To review, I want to again emphasize the necessity of bodily contact and muscular effort in developing the capacity of the ego to contact the unconscious material and learn from its knowledge. Mechanisms of defense like denial, reaction formation, repression, are not simply organized in “the mind”. They are developed, as all ego-functions are, in and by the movements of the body in reaction to the inner impulses and the demands of the outer environment the child finds itself in. The child learns and grows up in the verbal and sensori-motoric interaction with the parents. The psyche of the small child is not organized by the body movements coming from his own self alone. He needs the support and protection of the body movements coming from the outside, from his loving parents, who act on behalf of, and then become, extensions of the child’s ego. As this benign interaction happens, the child’s ego develops and becomes strong enough to permit the full experience and expression of its own powerful feelings and impulses.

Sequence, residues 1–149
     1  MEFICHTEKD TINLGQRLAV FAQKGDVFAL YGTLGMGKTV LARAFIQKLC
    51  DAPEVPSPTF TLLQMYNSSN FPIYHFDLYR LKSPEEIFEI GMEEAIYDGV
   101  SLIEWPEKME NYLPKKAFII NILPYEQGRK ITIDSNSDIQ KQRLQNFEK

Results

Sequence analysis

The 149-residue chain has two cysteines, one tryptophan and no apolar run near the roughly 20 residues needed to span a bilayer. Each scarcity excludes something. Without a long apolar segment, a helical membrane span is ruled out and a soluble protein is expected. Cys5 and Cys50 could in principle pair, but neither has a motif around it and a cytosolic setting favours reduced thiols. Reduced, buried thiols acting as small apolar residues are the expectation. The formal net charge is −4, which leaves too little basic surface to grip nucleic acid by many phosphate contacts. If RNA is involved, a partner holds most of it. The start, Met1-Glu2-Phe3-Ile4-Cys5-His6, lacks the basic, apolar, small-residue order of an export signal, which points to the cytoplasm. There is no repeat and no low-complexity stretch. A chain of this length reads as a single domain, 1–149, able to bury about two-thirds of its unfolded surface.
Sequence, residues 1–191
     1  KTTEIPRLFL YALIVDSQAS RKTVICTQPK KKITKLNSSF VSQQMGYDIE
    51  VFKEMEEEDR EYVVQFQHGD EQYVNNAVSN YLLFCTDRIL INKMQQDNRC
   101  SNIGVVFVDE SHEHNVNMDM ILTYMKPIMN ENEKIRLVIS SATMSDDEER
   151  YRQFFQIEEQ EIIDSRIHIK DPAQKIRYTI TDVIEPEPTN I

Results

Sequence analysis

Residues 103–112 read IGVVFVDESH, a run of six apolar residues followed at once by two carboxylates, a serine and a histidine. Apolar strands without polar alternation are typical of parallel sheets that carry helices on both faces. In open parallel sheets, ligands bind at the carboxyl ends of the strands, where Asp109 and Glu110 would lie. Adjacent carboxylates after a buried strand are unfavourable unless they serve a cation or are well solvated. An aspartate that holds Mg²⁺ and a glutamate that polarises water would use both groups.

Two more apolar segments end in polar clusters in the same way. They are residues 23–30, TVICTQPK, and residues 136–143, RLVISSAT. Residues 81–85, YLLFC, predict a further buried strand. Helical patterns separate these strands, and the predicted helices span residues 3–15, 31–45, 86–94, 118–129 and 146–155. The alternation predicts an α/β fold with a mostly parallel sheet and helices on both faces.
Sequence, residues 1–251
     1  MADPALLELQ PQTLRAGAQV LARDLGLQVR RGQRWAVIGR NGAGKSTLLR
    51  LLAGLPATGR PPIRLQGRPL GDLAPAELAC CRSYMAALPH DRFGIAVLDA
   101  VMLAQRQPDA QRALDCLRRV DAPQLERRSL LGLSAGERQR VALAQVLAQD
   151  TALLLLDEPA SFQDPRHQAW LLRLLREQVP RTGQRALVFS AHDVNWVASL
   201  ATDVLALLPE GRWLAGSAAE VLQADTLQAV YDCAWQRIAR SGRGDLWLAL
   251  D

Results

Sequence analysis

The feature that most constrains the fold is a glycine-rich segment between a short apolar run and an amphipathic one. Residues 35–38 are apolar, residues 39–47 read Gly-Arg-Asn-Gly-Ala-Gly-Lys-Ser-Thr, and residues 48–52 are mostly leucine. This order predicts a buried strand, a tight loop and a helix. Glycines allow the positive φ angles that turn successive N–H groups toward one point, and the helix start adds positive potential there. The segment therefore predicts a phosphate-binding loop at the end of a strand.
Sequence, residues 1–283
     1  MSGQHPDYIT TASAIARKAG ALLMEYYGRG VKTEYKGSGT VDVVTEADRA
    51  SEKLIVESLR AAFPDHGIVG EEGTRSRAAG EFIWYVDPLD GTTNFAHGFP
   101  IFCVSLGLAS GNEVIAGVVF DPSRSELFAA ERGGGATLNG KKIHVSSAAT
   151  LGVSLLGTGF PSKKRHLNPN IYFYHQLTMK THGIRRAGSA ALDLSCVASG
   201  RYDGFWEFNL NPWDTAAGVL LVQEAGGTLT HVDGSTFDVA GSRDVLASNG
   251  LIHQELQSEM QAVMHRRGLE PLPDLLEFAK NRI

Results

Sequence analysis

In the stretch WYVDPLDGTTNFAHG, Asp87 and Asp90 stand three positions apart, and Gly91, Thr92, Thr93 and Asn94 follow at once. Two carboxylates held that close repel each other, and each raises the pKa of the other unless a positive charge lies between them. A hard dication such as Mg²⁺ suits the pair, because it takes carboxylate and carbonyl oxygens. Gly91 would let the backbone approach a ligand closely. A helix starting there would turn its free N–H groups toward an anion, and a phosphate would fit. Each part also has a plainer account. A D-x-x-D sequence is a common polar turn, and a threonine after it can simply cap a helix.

A child who has been abandoned by his parents early or for long important periods of his life; and who has never had the possibility of expressing the feelings of grief about that period of time, can in my opinion not really be helped sufficiently by verbal psychotherapy alone. Such clients need caring and powerful physical contact as they experience and express what they have missed. I cannot imagine that the level of crying and anger expression we see during structures can be safely and satisfyingly expressed in a purely verbal setting – one that doesn’t include any body contact or externally applied pressure. Without some literal holding, clients coming into visceral contact with what they really feel would likely go into panic.